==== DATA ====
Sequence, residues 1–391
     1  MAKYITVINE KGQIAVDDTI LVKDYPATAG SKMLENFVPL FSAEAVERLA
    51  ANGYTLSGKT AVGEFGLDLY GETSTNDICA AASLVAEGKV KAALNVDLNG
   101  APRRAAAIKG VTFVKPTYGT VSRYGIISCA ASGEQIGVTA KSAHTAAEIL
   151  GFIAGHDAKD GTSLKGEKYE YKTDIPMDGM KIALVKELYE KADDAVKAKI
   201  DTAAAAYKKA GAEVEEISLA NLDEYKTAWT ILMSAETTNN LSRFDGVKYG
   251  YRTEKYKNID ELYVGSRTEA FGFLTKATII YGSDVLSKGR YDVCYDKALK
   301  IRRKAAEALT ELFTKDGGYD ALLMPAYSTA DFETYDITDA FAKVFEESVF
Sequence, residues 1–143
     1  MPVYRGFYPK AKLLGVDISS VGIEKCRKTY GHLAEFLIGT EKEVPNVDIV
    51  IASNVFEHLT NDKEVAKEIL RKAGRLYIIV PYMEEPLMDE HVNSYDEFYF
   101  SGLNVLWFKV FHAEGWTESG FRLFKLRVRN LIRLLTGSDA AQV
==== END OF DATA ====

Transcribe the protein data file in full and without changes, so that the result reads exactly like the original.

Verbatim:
Sequence, residues 1–391
     1  MAKYITVINE KGQIAVDDTI LVKDYPATAG SKMLENFVPL FSAEAVERLA
    51  ANGYTLSGKT AVGEFGLDLY GETSTNDICA AASLVAEGKV KAALNVDLNG
   101  APRRAAAIKG VTFVKPTYGT VSRYGIISCA ASGEQIGVTA KSAHTAAEIL
   151  GFIAGHDAKD GTSLKGEKYE YKTDIPMDGM KIALVKELYE KADDAVKAKI
   201  DTAAAAYKKA GAEVEEISLA NLDEYKTAWT ILMSAETTNN LSRFDGVKYG
   251  YRTEKYKNID ELYVGSRTEA FGFLTKATII YGSDVLSKGR YDVCYDKALK
   301  IRRKAAEALT ELFTKDGGYD ALLMPAYSTA DFETYDITDA FAKVFEESVF
Sequence, residues 1–143
     1  MPVYRGFYPK AKLLGVDISS VGIEKCRKTY GHLAEFLIGT EKEVPNVDIV
    51  IASNVFEHLT NDKEVAKEIL RKAGRLYIIV PYMEEPLMDE HVNSYDEFYF
   101  SGLNVLWFKV FHAEGWTESG FRLFKLRVRN LIRLLTGSDA AQV